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Justice for the Justice League!

Specifically, for director Zack Snyder’s vision of the team – a vision that was undeniably disrupted by the circumstances surrounding 2017’s “Justice League.” When personal issues led to Snyder’s walking away from the project during post-production, replacement director Joss Whedon wound up putting his own very distinct stamp on the proceedings … for better or worse.

Mostly worse, as it turns out.

But now, in what is a first in the vast and varied world of big-budget superhero cinema, we’ve been given a chance to experience something far closer to Snyder’s original intent – a do-over. Thanks in no small part to massive internet outcry from fans, the powers that be at HBO gave the keys back to Snyder (as well as a hefty budget, around $70 million) to turn the film back toward his original intent, retrofitting and reshooting and ultimately restoring Snyder’s vision.

The end result is “Zack Snyder’s Justice League,” a four-hour extravaganza that far outshines the film that came before it. It’s better. A lot better. Now, if you want to argue that it’s bloated and unnecessary, I won’t fight you. Think a dangerous precedent has been sent regarding the power potential of dedicated fandoms, no matter how potentially toxic? Could be. None of that changes the fact that this new film, as overwrought and overproduced as it may be, is a significant improvement.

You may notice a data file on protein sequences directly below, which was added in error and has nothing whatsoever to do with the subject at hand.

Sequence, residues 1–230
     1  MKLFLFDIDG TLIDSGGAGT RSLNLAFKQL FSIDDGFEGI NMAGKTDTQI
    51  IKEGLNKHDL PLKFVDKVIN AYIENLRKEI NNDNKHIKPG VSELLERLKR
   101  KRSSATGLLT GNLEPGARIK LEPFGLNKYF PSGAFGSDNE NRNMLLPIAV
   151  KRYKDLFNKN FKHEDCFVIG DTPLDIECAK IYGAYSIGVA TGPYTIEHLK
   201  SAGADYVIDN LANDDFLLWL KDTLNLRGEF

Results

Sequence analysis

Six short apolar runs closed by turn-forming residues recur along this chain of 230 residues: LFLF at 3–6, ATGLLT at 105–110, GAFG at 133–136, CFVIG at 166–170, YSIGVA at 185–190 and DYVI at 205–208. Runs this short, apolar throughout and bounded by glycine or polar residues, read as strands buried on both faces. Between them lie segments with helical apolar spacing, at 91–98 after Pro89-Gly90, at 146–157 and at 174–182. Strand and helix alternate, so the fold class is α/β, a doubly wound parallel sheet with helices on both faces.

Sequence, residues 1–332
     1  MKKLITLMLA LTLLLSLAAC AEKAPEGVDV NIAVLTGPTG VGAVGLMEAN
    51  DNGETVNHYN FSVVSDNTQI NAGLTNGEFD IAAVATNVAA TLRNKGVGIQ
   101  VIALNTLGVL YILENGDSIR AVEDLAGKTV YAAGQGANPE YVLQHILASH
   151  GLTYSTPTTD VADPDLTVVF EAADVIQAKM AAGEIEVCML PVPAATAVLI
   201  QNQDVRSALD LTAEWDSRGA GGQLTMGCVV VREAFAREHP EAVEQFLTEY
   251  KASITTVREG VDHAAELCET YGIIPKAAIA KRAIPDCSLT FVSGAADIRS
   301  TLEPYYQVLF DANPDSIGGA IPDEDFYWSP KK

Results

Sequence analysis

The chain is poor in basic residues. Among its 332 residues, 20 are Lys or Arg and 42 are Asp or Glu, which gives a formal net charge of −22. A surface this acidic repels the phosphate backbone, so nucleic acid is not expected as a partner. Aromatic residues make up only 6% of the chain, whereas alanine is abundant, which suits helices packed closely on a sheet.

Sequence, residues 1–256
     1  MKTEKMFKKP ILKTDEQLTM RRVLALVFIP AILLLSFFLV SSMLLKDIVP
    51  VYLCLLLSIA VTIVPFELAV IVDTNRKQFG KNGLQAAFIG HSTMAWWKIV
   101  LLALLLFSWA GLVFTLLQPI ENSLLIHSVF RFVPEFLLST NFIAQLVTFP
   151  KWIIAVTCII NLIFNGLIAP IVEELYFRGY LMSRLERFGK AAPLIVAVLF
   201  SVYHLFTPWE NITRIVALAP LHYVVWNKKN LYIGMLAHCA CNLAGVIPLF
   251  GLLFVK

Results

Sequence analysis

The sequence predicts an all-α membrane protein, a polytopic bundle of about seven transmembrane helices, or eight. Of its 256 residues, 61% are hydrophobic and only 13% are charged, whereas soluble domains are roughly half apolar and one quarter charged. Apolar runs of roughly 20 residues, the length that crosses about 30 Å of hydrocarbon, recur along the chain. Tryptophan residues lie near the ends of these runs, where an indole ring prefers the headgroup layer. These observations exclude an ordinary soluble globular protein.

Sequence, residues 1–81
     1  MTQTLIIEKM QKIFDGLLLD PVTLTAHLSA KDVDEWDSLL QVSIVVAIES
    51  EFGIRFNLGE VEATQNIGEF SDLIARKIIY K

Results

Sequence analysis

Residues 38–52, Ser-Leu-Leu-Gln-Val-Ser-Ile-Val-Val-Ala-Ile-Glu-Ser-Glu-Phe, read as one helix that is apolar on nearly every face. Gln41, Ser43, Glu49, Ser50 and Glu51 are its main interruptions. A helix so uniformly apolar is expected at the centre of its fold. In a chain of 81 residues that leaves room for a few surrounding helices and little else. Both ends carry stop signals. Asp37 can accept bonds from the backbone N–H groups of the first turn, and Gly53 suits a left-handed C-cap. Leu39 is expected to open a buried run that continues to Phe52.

It’s got many of the usual issues that dog Snyder’s work – the washed-out color palette, the ubiquitous slo-mo, the jittery, hard-to-follow battle scenes – but even those concerns are lesser here than they’ve been in previous films. And the storytelling gains – particularly when it comes to certain character arcs – more than offset all of that.

For me, it boils down to this. I basically shrugged my shoulders at “Justice League” in 2017. I genuinely enjoyed “Zack Snyder’s Justice League” … and I really wasn’t sure that I would.

Published in Movies

Love ‘em or hate ‘em, superhero movies have defined the industry for well over a decade and show no signs of slowing. If anything, we’re just going to keep getting more and more of them – they’re appointment films in a business that is dying for anything that will ensure big box office receipts. Considering the faltering movie theater model, expect studios to keep pushing this kind of franchise-friendly fare.

Me? I love superhero movies. Do I recognize the more cynical motives behind them? Sure! Do I care? Not in the least!

So I was thrilled to finally see “Wonder Woman 1984.” As someone who, despite my job, is still steering clear of movie theaters, having the opportunity to see this movie in my own home via HBO Max was fantastic. Given the extended drought of superhero cinema, I was primed to dig this movie even though Marvel > DC, in my opinion.

And guess what? I dug it!

Directed by Patty Jenkins – who returned to the franchise after helming 2017’s excellent “Wonder Woman” – from a script she co-wrote with Geoff Johns and Dave Callaham, “Wonder Woman 1984” is engaging enough, though it doesn’t quite capture the same lightning in a bottle energy of the previous film. There are some great set pieces, solidly charismatic lead performances and a couple of really going-for-it supporting turns – enough to make for a flawed-but-satisfying moviegoing experience.

Published in Movies
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Superhero film the best yet in DC’s cinematic universe

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